1904 Nobel Prize Winner, Ivan Pavlov was born in Ryazan, Russia on September 14, 1849. Pavlov is best known for his intricate workings with the drooling dog experiment that lead to his further research in conditioning. This experiment, which began in 1889, had an influence on the development of physiologically oriented behaviorist theories of psychology in the early years of the nineteenth century. His work on the physiology of the digestive glands won him the 1904 Nobel Prize in physiology or medicine.
Pavlov’s first independent work focused on the physiology of the circulation of the blood (Girogian, 1974). He studied the influence of variations in blood volume on blood pressure. He also investigated the nervous control of the heart, and argued that four types of nerves control rhythm and strength of cardiac contractions. It was during this first independent study that Pavlov used unanesthetized, neurologically intact dogs (Girogian, 1974). This method became the mainstay of Pavlovs methodology.
Pavlovs second independent work centered primarily around digestion. He started studying digestion as early as 1879, and it was his major focus from 1890 to 1897 (Girogian, 1974). His work was an accumulation of observations on the nervous control of one organ system through the method of chronic experiment (Girogian, 1974). The study of digestion involved developing “fistulas” through which secretions from salivary glands, stomach, the pancreas, and small intestine could be collected (Girogian, 1974). His technique was truly unique in that he did not cut the nerve supply nor contaminate the secretions with food.
The most famous and well-known experiment of Pavlov is that he ‘conditioned’ dogs to start a salivary response to the sound of a bell. He began by measuring the amount of salivation in response to only food. As the experiments continued, he rang a bell as he presented the food (Girogian, 1974). Again, he noted a salivary response. Finally, by only ringing the bell, Pavlov observed the same response as having presented food to the dogs . . . salivation (Girogian, 1974). These experiments defined what has been a “conditioned response”.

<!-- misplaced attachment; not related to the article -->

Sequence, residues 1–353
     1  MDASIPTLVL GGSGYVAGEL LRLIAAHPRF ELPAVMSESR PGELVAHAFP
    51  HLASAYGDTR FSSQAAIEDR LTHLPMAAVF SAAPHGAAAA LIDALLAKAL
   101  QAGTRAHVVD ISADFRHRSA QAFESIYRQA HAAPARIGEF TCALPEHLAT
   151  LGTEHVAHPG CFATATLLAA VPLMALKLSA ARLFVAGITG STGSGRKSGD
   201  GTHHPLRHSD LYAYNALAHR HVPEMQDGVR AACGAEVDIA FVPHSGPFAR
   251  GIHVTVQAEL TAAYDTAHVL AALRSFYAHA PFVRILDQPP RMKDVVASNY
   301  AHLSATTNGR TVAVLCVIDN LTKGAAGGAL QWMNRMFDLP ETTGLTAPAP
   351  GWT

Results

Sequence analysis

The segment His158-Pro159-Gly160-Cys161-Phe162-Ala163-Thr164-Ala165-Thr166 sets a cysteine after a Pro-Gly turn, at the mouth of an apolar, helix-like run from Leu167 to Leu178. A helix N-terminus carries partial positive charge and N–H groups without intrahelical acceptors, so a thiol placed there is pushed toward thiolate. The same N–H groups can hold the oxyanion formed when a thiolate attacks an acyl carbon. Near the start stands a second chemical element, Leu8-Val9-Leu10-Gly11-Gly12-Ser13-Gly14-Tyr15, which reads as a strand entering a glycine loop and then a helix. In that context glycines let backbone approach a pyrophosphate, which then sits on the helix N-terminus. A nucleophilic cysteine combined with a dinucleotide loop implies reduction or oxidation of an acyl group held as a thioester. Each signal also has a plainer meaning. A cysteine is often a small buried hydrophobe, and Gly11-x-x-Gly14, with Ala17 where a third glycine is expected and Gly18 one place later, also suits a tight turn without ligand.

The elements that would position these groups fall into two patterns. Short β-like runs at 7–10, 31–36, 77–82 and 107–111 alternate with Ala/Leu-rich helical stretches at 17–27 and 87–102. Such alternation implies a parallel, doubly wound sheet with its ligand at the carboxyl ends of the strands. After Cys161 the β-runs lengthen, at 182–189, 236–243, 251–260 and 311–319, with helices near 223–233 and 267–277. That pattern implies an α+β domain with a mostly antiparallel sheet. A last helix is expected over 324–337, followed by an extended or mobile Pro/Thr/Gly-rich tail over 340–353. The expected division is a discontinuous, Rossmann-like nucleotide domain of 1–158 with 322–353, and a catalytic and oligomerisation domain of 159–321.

Classical Conditioning is the type of learning made famous by Pavlov’s experiments with dogs. In an article titled, An Animal Owners Guide to Operant and Classical Conditioning, by Stacy Braslau explained the process of the experiment. Pavlov presented dogs with food, and measured their salivary response (how much they drooled). Then he began ringing a bell just before presenting the food. At first, the dogs did not begin salivating until the food was presented. After a while, however, the dogs began to salivate when the sound of the bell was presented. They learned to associate the sound of the bell with the presentation of the food. As far as their immediate physiological responses were concerned, the sound of the bell became equivalent to the presentation of the food.
Through Ivan Pavlov’s experiment with dogs and their reaction to stimulus, he set the basis for Classical conditioning. The methods of how classical conditioning works can be described in the following sequence (Mischel, 1993, p. 296):
1. There exists an unconditioned, natural response, like a reflex (called a UCR)
2. There exists a stimulus that triggers this response (called the UCS)
3.Eventually, the organism (man, dog, ect.) will begin to associate the UCR with the UCS
4.Once the behavior is learned, the UCR may take place even when the UCS is simulated
5. At that point, the response it referred to as conditioned (or a CR)
6.The stimulus is then referred to as a conditioned, or learned as well (or CS)
7.Stimuli unrelated to the UCR may be imposed simultaneously to the UCS
8.Though unrelated, like the UCS, these stimuli will be associated to the UCR
9.Eventually, once learned, even these unrelated stimuli can trigger the CR